The Use of Computer Technology in the Classroom

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The Use of Computer Technology in the Classroom

The classroom as we know it is undergoing dramatic changes in the information age. New technologies have always been introduced into the classroom such as overhead projectors, televisions, and even instructor-operated computers, but they never significantly affected the process or the experience of teaching and learning. However, individual computers and the advent of digital textbooks have emerged to reshape and redefine the classroom. Many debate the effects of e-books and the Internet on students and the overall impact that it will have on the educational system as a whole. While keeping up to date with technology is an important aspect of growing up in the digital age, some traditional forms of teaching seem to benefit the individual student in ways that computers cannot imitate.

The invention of the computer and the Internet has allowed enormous amounts of information to be accessed. This influx of information and the current rise of interactivity on the Web attract many schools eager to teach their students in a more modern fashion. The race to become a technologically advanced school has also resulted in a market push for items such as electronic textbooks and other interactive learning supplements. The information age definitely calls for a technologically based learning experience; however, many debate about how far technology should be allowed to penetrate into the classroom. Neil Postman's book, Technopoly, warns that technology produces winners and losers, and that sometimes the winner does not become clear until the loser has disappeared (Butler, 1). If this is the case, it is highly important that the affects of integrating a modern technologically advanced classroom equipped with individual laptops and e-books are studied before they are imposed upon innocent children.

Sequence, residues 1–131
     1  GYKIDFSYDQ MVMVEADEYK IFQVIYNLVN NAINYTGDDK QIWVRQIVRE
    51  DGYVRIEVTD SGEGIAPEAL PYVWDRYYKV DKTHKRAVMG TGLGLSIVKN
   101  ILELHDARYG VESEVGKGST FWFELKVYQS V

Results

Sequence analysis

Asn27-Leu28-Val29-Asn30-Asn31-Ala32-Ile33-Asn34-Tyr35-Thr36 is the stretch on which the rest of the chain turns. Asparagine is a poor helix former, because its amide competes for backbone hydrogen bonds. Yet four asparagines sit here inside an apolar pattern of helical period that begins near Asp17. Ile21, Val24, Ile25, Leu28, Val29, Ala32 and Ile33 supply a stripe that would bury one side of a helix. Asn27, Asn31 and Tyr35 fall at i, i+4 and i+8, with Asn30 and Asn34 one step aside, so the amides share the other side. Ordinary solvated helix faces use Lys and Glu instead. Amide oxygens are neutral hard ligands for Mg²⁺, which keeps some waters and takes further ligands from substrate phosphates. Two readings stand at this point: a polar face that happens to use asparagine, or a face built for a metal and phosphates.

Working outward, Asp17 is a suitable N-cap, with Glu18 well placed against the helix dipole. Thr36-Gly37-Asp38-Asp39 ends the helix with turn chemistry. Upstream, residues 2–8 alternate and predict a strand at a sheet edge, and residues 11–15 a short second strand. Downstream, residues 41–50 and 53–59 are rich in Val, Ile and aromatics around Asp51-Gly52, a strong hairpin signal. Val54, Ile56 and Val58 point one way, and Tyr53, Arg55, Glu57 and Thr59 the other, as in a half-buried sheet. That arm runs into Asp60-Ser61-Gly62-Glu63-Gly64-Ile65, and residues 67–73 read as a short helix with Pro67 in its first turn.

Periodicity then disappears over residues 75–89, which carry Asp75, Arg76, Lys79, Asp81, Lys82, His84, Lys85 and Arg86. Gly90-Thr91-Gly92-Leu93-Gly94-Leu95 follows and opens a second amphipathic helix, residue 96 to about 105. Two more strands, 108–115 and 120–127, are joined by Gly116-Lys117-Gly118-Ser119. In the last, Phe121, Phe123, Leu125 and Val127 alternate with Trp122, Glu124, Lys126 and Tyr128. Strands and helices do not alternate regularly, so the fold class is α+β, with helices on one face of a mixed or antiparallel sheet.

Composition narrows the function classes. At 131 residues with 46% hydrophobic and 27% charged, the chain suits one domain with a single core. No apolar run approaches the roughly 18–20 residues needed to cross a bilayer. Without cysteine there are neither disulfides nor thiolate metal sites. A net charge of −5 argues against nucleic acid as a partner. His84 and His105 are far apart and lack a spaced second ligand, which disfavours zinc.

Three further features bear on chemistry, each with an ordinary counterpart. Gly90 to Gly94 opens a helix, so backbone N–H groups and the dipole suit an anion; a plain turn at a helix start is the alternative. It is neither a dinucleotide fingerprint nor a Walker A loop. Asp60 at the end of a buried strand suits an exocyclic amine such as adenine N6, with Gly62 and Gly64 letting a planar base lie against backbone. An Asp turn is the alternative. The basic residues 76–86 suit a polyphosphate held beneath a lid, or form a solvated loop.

The debate against the implementation of electronic textbooks and the digital classroom has many elements. One of the hardest things to prove to educators and academics is the true effectiveness and advantages of e-books compared to other forms of learning. The U.S. National Science Board of Science and Engineering Indicators stated in 1998 that, “the fundamental dilemma of computer-based instruction and other IT-based educational technologies is that their cost effectiveness compared to other forms of instruction-for example, smaller class sizes, self-paced learning, peer teaching, small group learning, innovative curricula, and in class tutors-has never been proven” (Alliance, 1). It appears that in order for e-books and other technologies to enter the classroom they must prove that they have distinct advantages over traditional forms of learning, and currently there is no such proof.
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